So micchādiṭṭhiyā pahānāya vāyamati sammādiṭṭhiyā upasampadāya. Svāssa hoti sammāvāyāmo. So sato micchādiṭṭhiṃ pajahati. Sato sammādiṭṭhiṃ upasampajja viharati. Sāssa hoti sammāsati. Itissime tayo dhammā sammādiṭṭhiṃ anuparidhāvanti anuparivattanti. Seyyathīdaṃ: sammādiṭṭhi sammāvāyāmo sammāsati.

"One tries to abandon wrong view & to enter into right view: This is one's right effort. One is endowed with remembrance (sato) to abandon wrong view & to enter & remain in right view: This is one's right remembrance (sati). Thus these three qualities — right view, right effort, & right remembrance (sati) — run & circle around right view."

http://www.accesstoinsight.org/tipitaka ... .than.html" onclick="window.open(this.href);return false;

Here we see what exactly remembers one endowed with sati.

Ven. Analayo, on page 46, acknowledges that "the noun sati is related to the verb 'sarati', to remember". However on the page 47 he takes a sudden turn and writes that "[in the] context of satipatthana it [sati] is not concerned with recalling past events, but functions as awareness of the present moment". In the footnote he refers to the works of Ven. Nyanaponika, Nyanavira, Rhys Davids and Griffith, and does not give any scruptural references for such an important statement.

Indeed, sati in the context of satipatthana is not concerned with recalling past events. It is concerned with remembering to abandon what is uskillful and developing what is skillful - the point which is traditionally misunderstood in the Western Buddhism.

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Re: Satipatthana: The direct path to realization

Post by retrofuturist » Tue Nov 15, 2011 9:56 pm

Greetings Piotr & Dmytro,

Thanks for your posts... it's something to sati.

Metta,
Retro. :)
"Do not force others, including children, by any means whatsoever, to adopt your views, whether by authority, threat, money, propaganda, or even education." - Ven. Thich Nhat Hanh

"The uprooting of identity is seen by the noble ones as pleasurable; but this contradicts what the whole world sees." (Snp 3.12)

"One discerns wrong view as wrong view, and right view as right view. This is one's right view." (MN 117)

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Re: Satipatthana: The direct path to realization

Post by James the Giant » Thu Nov 17, 2011 9:58 am

So... how does this argument about sati as remembrance and sati as mindfulness make any difference to my meditation practise? What should I be doing instead? Should I throw away everything I have learned and start again?
Dmytro, can you please post a link to some description of what proper practise is, or proper meditation practise should be? Not a sutta please, something in plain English written for those with the meanest of understandings. Thanks!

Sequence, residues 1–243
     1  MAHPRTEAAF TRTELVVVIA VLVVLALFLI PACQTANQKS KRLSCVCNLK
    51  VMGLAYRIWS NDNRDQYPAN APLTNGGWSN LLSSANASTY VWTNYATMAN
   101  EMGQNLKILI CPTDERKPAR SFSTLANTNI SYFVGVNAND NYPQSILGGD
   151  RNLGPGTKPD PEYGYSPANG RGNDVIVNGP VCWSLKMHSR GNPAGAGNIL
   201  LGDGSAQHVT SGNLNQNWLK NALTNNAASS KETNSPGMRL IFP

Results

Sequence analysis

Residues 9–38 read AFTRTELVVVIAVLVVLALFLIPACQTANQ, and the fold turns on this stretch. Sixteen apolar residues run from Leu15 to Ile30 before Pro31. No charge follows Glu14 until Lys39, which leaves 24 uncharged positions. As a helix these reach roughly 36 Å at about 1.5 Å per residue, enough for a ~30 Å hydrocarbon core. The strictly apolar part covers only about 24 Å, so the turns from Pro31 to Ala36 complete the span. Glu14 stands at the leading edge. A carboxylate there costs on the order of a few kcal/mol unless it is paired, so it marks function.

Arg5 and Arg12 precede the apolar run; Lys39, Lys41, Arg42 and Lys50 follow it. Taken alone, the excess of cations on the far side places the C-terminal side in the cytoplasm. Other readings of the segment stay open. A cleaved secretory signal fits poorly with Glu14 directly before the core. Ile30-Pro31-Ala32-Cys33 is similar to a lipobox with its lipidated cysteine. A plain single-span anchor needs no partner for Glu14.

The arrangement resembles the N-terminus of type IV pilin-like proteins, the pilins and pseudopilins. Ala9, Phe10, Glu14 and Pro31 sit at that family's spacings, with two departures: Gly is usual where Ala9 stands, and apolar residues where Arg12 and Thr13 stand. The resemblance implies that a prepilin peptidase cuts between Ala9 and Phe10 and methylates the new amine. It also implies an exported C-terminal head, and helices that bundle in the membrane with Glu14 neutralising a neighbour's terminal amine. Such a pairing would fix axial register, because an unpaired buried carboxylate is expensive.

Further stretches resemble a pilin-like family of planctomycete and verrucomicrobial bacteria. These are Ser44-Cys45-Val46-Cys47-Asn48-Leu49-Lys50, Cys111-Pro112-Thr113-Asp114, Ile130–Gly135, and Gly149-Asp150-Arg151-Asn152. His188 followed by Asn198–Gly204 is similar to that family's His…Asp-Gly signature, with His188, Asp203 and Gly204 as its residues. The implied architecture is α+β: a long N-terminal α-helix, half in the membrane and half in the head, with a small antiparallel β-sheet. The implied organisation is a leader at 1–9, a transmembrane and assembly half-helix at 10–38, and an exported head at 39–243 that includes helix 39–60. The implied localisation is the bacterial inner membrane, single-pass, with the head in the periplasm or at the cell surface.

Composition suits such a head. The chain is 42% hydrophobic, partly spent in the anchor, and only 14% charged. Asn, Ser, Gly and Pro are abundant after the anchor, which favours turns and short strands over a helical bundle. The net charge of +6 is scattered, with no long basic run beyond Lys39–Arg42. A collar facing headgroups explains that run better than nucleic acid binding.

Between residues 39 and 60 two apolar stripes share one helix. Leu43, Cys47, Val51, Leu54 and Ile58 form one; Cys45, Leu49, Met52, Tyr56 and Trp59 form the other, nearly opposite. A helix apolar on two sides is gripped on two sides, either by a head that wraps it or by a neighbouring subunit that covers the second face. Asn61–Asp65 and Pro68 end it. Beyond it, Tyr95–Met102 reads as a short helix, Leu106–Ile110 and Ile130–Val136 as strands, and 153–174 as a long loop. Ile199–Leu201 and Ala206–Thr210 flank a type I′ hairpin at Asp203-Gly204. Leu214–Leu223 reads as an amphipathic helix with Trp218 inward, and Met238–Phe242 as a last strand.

Then,
saturated with joy,
you will put an end to suffering and stress.
SN 9.11

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Re: Satipatthana: The direct path to realization

Post by tiltbillings » Thu Nov 17, 2011 10:14 am

James the Giant wrote:So... how does this argument about sati as remembrance and sati as mindfulness make any difference to my meditation practise? What should I be doing instead?
It is an interesting issue as to how to understand sati. Quite frankly, as with any number of words in the suttas, the meaning is dependent upon context, not just dictionary meaning. I think, however, those who want to argue a strict dictionary meaning for sati should start a new thread, since that would takes us away from a direct discussion of the book. The issue of sati as memory and as "present moment aweareness" is discussed on pages 46-9.
>> Do you see a man wise [enlightened/ariya] in his own eyes? There is more hope for a fool than for him.<< -- Proverbs 26:12

This being is bound to samsara, kamma is his means for going beyond. -- SN I, 38.

“Of course it is happening inside your head, Harry, but why on earth should that mean that it is not real?” HPatDH p.723

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Re: Satipatthana: The direct path to realization

Post by Brizzy » Thu Nov 17, 2011 11:17 am

retrofuturist wrote:Greetings Piotr & Dmytro,

Thanks for your posts... it's something to sati.

Metta,
Retro. :)
So, would that be "rememberance WITH breathing", that is a real possibility.

Metta

Brizzy
Ignorance is an intentional act.

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Re: Satipatthana: The direct path to realization

Post by retrofuturist » Fri Nov 18, 2011 1:26 am

Greetings Brizzy,
Brizzy wrote:So, would that be "rememberance WITH breathing", that is a real possibility.
Sorry, to be mildly off-topic, but the Police come to mind here...
Every breath you take
Every move you make
Every bond you break
Every step you take
I'll be watching you
I didn't know that Sting was into satipatthana and anapanasati.

:rofl:

Metta,
Retro. :)
"Do not force others, including children, by any means whatsoever, to adopt your views, whether by authority, threat, money, propaganda, or even education." - Ven. Thich Nhat Hanh